A warning to users of Windows XP.
If you are still using Windows XP on your IT systems (in whole or on just some PCs) you could easily be inviting cyber criminals to come in and rifle through your sensitive patient information. This obsolete IT operating system no longer receives security updates and provides easy pickings to hackers who want to ‘nick’ sensitive information or even take control of your healthcare IT infrastructure – just like they did in Lincolnshire. Though, as yet, they remain ‘tight lipped’ as to how their systems were ‘invaded’.
Research suggests that anything up to 75 per cent of NHS health and care providers still use Windows XP in one form or another. All it takes is one weak link in your chain of PCs to wreak havoc.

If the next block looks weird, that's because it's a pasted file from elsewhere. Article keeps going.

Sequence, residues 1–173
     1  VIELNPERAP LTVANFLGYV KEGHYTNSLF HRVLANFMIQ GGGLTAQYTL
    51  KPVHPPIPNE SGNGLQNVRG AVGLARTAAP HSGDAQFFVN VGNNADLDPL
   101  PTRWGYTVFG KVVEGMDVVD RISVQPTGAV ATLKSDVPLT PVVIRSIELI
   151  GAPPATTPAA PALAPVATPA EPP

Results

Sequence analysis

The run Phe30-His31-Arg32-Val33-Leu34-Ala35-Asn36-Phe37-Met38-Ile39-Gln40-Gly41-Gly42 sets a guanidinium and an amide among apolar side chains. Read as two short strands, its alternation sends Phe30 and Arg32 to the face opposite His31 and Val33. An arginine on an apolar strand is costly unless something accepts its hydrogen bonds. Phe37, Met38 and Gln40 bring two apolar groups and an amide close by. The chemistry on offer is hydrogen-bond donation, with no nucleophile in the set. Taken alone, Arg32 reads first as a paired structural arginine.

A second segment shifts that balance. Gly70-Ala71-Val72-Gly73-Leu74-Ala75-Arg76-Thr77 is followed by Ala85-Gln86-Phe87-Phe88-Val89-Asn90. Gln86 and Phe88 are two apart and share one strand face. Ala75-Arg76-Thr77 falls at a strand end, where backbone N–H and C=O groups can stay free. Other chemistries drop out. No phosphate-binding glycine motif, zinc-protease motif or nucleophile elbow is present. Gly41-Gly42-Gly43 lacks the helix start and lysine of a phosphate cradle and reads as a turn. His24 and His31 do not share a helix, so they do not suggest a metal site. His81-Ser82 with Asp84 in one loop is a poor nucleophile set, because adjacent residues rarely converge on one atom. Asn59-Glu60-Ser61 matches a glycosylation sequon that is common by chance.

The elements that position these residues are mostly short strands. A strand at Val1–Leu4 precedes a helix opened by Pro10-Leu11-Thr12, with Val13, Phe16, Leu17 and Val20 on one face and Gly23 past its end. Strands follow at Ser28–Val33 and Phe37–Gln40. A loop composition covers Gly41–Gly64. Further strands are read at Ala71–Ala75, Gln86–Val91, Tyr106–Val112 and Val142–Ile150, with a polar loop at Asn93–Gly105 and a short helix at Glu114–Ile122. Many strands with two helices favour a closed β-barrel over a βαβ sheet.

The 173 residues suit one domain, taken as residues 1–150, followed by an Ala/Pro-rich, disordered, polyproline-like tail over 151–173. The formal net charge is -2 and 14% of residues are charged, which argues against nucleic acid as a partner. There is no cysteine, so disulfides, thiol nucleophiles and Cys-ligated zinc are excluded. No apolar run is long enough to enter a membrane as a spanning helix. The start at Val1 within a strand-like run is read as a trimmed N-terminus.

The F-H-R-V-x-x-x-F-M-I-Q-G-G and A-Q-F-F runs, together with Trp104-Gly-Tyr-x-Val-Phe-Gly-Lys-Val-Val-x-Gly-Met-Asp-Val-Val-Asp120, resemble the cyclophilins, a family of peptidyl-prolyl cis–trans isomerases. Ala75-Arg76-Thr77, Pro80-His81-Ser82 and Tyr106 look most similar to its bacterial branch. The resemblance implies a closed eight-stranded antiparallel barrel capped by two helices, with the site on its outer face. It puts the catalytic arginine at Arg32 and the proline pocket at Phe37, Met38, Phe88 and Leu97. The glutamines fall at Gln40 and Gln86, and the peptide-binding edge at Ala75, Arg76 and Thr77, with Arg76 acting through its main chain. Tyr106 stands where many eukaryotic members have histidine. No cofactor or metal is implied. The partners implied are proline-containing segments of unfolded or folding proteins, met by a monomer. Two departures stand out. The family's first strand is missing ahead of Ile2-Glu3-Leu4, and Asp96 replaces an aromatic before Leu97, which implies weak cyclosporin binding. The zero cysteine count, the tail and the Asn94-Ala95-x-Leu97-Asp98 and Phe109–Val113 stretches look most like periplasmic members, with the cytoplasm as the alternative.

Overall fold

Experience teaches us that, despite all the potential problems, and, while accepting that health and care organisations may have other priorities for diminishing cash resources, if security does not become your top priority it is likely you will fall victim to hackers and ransomware.
Sadly, the problems from not fixing your Windows has been known for some time. The ICO issued a warning over two years ago – yet still it happens.
By the same token, this ties in with the ICO advice to data controllers to ensure all systems are up to date, including websites, which was one of the themes of the cybersecurity webinar it ran a few weeks ago.
The British Pregnancy and Advisory Service suffered a hack a while back due to insecure systems and was fined £200 000. The fact the hackers were caught and sent to ‘clink’ would be cold crumbs of comfort.
As a health and care provider it is your responsibility to make sure you have "appropriate technical and organisational measures" in place to keep your information safe.
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